Something you probably don’t know about HSTS
There is a slightly less obvious detail to the attack described above: it shouldn’t have worked at all. See, if you reroute www.google.com traffic to a malicious server and navigate to the site then, neither Firefox nor Chrome will give you the option to override the certificate warning. Getting out will be the only option available, meaning no way whatsoever to exploit the certificate warning page. What is this magic? Did browsers implement some special behavior only for Google?
They didn’t. What you see here is a side-effect of the HTTP Strict-Transport-Security (HSTS) mechanism, which Google and many other websites happen to use. When you visit Google it will send the HTTP header
Strict-Transport-Security: max-age=31536000 with the response. This tells the browser: “This is an HTTPS-only website, don’t ever try to create an unencrypted connection to it. Keep that in mind for the next year.”
So when the browser later encounters a certificate error on a site using HSTS, it knows: the website owner promised to keep HTTPS functional. There is no way that an invalid certificate is ok here, so allowing users to override the certificate would be wrong.
Unless you have Kaspersky in the middle of course, because Kaspersky completely ignores HSTS and still allows users to override the certificate. When I reported this issue, the vendor response was that this isn’t a security risk because the warning displayed is sufficient. Somehow they decided to add support for HSTS nevertheless, so that current versions will no longer allow overriding certificates here.
It’s no doubt that there are more scenarios where Kaspersky software weakens the security precautions made by browsers. For example, if a certificate is revoked (usually because it has been compromised), browsers will normally recognize that thanks to OCSP stapling and prevent the connection. But I noticed recently that Kaspersky Internet Security doesn’t support OCSP stapling, so if this application is active it will happily allow you to connect to a likely malicious server.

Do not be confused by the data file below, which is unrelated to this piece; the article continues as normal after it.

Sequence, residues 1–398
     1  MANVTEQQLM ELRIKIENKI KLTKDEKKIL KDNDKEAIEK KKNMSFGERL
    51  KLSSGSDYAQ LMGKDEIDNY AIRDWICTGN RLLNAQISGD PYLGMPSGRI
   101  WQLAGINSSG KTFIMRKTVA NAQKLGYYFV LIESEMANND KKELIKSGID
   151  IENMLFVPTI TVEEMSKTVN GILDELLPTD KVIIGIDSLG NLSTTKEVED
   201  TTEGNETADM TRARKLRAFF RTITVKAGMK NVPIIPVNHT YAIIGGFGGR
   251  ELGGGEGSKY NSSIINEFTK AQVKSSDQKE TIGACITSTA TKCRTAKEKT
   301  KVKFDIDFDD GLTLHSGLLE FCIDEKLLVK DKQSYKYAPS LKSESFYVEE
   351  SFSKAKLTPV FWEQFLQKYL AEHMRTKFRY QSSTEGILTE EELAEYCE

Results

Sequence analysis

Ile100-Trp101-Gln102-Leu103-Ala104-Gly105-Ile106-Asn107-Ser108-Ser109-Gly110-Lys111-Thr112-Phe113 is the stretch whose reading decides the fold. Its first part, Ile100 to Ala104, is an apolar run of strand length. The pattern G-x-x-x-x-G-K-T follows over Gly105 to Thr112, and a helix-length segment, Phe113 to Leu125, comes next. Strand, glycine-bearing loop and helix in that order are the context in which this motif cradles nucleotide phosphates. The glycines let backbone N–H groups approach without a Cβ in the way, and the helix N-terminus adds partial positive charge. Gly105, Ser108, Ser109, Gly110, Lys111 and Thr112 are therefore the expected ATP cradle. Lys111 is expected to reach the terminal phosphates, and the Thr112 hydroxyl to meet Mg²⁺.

Using injected content for Universal XSS
Kaspersky Internet Security isn’t merely listening in on connections to HTTPS sites, it is also actively modifying those. In some cases it will generate a response of its own, such as the certificate warning page we saw above. In others it will modify the response sent by the server.
For example, if you didn’t install the Kaspersky browser extension, it will fall back to injecting a script into server responses which is then responsible for “protecting” you. This protection does things like showing a green checkmark next to Google search results that are considered safe. As Heise Online wrote merely a few days ago, this also used to leak a unique user ID which allowed tracking users regardless of any protective measures on their side. Oops…
There is a bit more to this feature called URL Advisor. When you put the mouse cursor above the checkmark icon a message appears stating that you have a safe site there. That message is a frame displaying